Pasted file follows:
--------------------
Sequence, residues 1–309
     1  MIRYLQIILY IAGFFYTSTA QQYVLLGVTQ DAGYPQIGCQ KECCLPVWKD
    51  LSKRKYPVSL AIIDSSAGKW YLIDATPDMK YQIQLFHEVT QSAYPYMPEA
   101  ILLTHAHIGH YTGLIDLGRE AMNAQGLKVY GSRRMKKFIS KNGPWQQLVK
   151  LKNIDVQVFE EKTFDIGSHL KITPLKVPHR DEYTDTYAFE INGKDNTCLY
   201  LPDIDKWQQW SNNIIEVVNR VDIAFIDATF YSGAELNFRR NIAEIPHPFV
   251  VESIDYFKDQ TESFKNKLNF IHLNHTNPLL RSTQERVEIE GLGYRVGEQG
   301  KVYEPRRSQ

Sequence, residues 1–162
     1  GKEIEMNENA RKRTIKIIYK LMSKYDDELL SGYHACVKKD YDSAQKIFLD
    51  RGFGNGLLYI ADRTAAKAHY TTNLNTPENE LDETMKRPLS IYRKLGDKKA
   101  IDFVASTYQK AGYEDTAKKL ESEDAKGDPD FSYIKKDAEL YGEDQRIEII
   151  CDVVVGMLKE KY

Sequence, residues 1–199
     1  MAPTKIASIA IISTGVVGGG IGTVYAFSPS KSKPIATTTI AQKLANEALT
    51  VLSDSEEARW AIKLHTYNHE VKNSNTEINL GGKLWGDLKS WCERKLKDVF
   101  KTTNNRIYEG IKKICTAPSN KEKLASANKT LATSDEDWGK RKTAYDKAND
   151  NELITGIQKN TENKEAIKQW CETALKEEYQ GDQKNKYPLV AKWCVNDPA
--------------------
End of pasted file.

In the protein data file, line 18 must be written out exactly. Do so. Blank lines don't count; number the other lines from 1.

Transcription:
   151  NELITGIQKN TENKEAIKQW CETALKEEYQ GDQKNKYPLV AKWCVNDPA